White House COVID-19 task force leader Deborah Birx was in Nashville Monday to discuss what Gov. Bill Lee framed as Tennessee's continued strategies for fighting COVID-19. (Photo: Gov. Bill on Twitter)

by Kimberlee Kruesi —

NASHVILLE — Tennessee stands at the cusp at being able to significantly decrease new cases of the coronavirus and must take stronger steps to prevent its spread, warned White House COVID-19 task force leader Deborah Birx, who met with state and local health leaders Monday in Nashville.

Birx recently identified Nashville as one of 11 cities with a surge in coronavirus cases that need aggressive action while noting that many of the state’s rural areas have seen a worrisome outbreak.

“We’ve done a lot of modeling and we have found that if you all wear a mask — all Tennesseans — in every public area and you stop going to bars, and in fact close the bars,and limit your indoor dining, that we can have as big of an impact on decreasing new cases as we had with sheltering in place,” Birx told reporters.

“Tennessee is at that inflection point,” she said.

 

However, her remarks fell flat with Republican Gov. Bill Lee, who has vowed he won’t shut down the state’s economy again and has resisted repeated calls to issue a statewide mask mandate.

“I’ve been to counties that have a mandate where people are not wearing masks as well,” Lee said shortly after Birx’s remarks. “People wear masks because they believe there is a reason to do so and I believe that they will increasingly understand that as their local officials advocate for that.”

“I appreciate their recommendations and we take them seriously,” Lee added, yet acknowledged that he had no plans to institute any further business restrictions as urged by Birx — who has stopped by Tennessee after recently visiting Indiana, Ohio and Kentucky to meet with local leaders about COVID-19.

Currently, health officials estimate that up to 70 percent of Tennessee’s 95 counties have implemented some sort of mask mandate.

Restaurants are barred from staying open past 10 p.m. in Nashville. In Shelby County, which encompasses Memphis, bars that don’t serve food are closed and restaurants have to close at 10 p.m.

According to the Shelby County Health Department, the total of confirmed COVID-19 cases in Shelby County was 19,166, with 402 new cases reported during the previous 24 hours. The number of deaths was 262, with no new deaths reported from the previous day. The daily positivity rate registered 13.4 percent, driving the overall rate to 10 percent – the level local health officials have said they wanted to stay below.

Meanwhile on Monday, a group of Tennessee doctors that has been pushing for stricter virus prevention measures continued their own call for a statewide mask mandate.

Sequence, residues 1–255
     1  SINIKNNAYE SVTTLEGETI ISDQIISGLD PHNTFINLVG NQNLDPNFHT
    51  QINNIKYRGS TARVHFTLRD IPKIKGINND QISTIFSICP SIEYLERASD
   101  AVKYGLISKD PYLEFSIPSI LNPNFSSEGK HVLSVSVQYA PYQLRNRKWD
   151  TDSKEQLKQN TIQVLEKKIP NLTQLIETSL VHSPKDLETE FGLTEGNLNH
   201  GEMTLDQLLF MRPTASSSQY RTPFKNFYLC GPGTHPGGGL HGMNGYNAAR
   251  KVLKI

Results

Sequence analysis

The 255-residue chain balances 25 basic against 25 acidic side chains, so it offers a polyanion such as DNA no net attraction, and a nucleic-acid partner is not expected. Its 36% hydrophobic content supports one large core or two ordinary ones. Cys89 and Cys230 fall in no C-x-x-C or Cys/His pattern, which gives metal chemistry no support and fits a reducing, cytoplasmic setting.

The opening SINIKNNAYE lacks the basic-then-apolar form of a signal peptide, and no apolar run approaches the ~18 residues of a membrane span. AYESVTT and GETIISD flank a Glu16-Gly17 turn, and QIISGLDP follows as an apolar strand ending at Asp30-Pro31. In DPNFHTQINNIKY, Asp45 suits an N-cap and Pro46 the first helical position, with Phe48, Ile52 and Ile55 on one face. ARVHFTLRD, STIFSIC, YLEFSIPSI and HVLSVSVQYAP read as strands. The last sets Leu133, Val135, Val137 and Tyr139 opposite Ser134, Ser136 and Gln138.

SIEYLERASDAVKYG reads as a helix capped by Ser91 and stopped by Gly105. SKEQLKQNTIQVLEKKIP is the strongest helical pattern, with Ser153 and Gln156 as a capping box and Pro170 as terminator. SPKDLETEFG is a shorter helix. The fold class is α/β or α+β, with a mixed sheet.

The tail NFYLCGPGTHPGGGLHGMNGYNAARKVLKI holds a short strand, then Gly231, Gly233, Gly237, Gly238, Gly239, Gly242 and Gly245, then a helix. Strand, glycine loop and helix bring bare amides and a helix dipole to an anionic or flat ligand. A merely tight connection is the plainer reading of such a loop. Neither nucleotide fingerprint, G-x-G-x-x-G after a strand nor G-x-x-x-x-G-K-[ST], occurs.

In a news conference, the doctors expressed hope that pressure from the White House would cause Lee to change his mind about masks.

“We need a mask mandate immediately and we need to delay the start of in-person classes to allow the mandate to work,” pulmonary and critical care physician Dr. Aaron Milstone said, citing the uncontrolled spread of the virus in Tennessee.

Otherwise, he said, the state must shut down again or just accept the fact that many more people are going to die.

In other virus news, Tennessee’s largest school district said Monday that it plans to start its school year Aug. 31 with a fully virtual learning program for students.

Shelby County Schools said in a news release that teachers will have the options to teach remotely or in classrooms, but all students will learn online at home until further notice.

Students will receive a digital device and “students will have live interaction with their teachers and peers every day as they follow the routine of a regular school day,” the news release said.

Schools will prepare meals and multiday meal packs will be available for pickup to reduce the number of times families have to come to campus, the district said.

The Shelby County school district has 100,000 students and about 15,000 employees. The county has reported more than 19,000 confirmed COVID-19 cases and 262 deaths.

Tennessee reported more than 2,500 new confirmed cases of the coronavirus across the state Monday, for a total of nearly 96,500.

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(Associated Press writers Adrian Sainz contributed from Memphis and Travis Loller contributed from Nashville.)

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(Follow AP coverage of the pandemic at https://apnews.com/VirusOutbreak and https://apnews.com/UnderstandingtheOutbreak.)